In that light the election of Barack  Obama to the presidency and his subsequent success at mastering the art of governance compounded white social revanchist fears by promoting and celebrating Hispanics, Asians, gays and other minorities in leadership roles in government, business, academia and communities, and by openly embracing minority cultures as part of the mainstream of US society.

Steve Bannon has seized on this to lead the cultural charge in support of “tradition” and against “unAmerican” values, which are now open code words for a return to white supremacy. He and his political acolytes have been successful in orchestrating a pushback that has prompted a regression in US social development, with a white backlash against the gains made by minorities of all persuasions now growing stronger than in the previous three decades. The cultural wars are between an ascendant multicultural, multi-ethnic, poly-religious yet increasingly secular, pro-choice, pro-gun control, pacifist, sexually diverse and egalitarian-minded, “keep your hands off unless invited,” post-modern demographic with a rationalist and normatively relative global perspective, on the one hand, and a monocultural, white dominant, Judeo (but mostly) Christian, heterosexist, patriarchical, sexually aggressive hands -on, pro-gun, militarist, anti-choice, anti-science, industrial, xenophobic, normatively absolutist and economically insular demographic on the other. For the moment, the struggle is even but the numbers do not lie: given current and projected birth rates, the Bannon target demographic is in decline.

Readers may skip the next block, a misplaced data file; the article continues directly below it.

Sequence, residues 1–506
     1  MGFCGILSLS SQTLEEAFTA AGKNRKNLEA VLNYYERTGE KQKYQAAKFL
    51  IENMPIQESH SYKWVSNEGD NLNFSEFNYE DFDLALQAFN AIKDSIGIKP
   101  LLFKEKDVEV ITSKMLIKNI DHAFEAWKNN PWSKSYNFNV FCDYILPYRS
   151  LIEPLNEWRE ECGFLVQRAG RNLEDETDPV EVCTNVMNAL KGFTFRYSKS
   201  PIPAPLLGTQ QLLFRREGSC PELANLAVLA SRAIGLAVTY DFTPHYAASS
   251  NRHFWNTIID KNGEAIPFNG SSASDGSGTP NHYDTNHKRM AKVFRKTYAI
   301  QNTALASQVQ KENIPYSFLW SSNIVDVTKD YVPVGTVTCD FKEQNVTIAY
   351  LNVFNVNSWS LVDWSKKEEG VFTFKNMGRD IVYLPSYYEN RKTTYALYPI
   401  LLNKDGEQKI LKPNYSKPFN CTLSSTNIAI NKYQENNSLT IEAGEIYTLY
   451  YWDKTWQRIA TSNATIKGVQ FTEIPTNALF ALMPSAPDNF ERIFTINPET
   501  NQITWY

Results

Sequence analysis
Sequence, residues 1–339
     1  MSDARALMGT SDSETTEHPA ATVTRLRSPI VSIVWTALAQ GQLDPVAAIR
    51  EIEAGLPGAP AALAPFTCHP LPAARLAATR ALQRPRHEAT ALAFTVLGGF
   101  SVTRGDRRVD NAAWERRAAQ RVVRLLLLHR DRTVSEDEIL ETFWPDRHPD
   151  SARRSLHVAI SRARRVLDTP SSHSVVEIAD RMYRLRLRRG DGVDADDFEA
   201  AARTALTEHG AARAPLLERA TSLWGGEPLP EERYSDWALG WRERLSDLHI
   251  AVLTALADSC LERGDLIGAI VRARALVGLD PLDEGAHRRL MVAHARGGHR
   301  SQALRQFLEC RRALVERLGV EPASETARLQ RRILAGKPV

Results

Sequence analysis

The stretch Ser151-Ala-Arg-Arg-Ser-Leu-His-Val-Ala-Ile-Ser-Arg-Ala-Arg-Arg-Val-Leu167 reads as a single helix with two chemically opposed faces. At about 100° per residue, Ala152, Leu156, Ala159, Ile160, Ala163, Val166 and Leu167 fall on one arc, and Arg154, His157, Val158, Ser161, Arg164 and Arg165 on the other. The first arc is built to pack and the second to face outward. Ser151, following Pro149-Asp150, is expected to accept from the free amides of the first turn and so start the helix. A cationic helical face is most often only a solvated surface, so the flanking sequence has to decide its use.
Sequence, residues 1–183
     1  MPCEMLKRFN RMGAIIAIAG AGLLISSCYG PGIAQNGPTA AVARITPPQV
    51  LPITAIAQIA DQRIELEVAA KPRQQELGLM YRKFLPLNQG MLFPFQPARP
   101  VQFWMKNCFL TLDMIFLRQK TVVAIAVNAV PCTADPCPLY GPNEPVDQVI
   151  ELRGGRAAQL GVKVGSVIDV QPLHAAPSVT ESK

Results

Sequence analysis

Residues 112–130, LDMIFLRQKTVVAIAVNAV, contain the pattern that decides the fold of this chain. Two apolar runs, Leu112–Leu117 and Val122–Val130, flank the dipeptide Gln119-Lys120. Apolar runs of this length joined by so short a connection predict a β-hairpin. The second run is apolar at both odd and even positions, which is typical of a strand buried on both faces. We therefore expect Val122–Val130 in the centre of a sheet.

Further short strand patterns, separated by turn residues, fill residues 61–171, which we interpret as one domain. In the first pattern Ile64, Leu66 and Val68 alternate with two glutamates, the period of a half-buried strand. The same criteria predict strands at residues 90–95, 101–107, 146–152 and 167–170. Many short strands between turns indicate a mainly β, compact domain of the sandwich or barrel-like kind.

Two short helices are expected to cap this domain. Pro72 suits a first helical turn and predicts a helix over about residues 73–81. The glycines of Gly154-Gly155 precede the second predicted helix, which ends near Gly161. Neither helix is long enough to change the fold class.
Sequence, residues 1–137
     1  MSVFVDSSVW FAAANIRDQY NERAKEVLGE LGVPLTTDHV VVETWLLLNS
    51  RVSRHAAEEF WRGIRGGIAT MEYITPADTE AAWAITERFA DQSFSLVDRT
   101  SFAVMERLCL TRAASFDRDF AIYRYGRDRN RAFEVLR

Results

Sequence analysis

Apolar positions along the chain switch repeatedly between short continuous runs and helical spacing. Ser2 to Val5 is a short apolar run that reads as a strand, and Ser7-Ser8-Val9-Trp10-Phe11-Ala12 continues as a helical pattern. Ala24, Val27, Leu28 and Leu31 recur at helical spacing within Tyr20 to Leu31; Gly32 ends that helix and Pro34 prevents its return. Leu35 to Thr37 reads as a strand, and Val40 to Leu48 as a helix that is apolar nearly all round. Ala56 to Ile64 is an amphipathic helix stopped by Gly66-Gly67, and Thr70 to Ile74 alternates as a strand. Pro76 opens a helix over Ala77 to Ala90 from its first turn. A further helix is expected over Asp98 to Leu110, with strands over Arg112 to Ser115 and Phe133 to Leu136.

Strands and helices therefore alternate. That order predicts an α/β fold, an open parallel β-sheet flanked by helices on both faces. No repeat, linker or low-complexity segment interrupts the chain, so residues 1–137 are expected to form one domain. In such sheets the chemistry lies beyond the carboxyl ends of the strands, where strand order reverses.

The last time there was a cultural clash in the US anywhere similar in scope was in the mid-60s. Until the early 60s the US was run in the image that Bannon and Trump supporters now hark back to: Dad at a good paying manufacturing job that allowed him to own his own home, Mom happily tending to the domestic front, both regularly attending a Christian church with 2.2 kids and a car in every garage (or, for those who may remember such things, basically operating as Ozzie and Harriet of 1950s TV fame).

But the 1964 Civil Rights Act, opposition to the Vietnam war and counter-cultural lifestyles pushed by rock music broke the consensus on the national myth and prompted a major ideological struggle. In that instance, progressive forces won over the rednecks and defenders of tradition. Now the struggle is being repeated but is sparked, as it were, from the other side–conservative whites are pushing back against the progressive secularization and egalitarianism of US society, as exemplified by Barack Obama and his good Negro government. The champion of these social revanchists is Trump, but it is Bannon who is the puppeteer.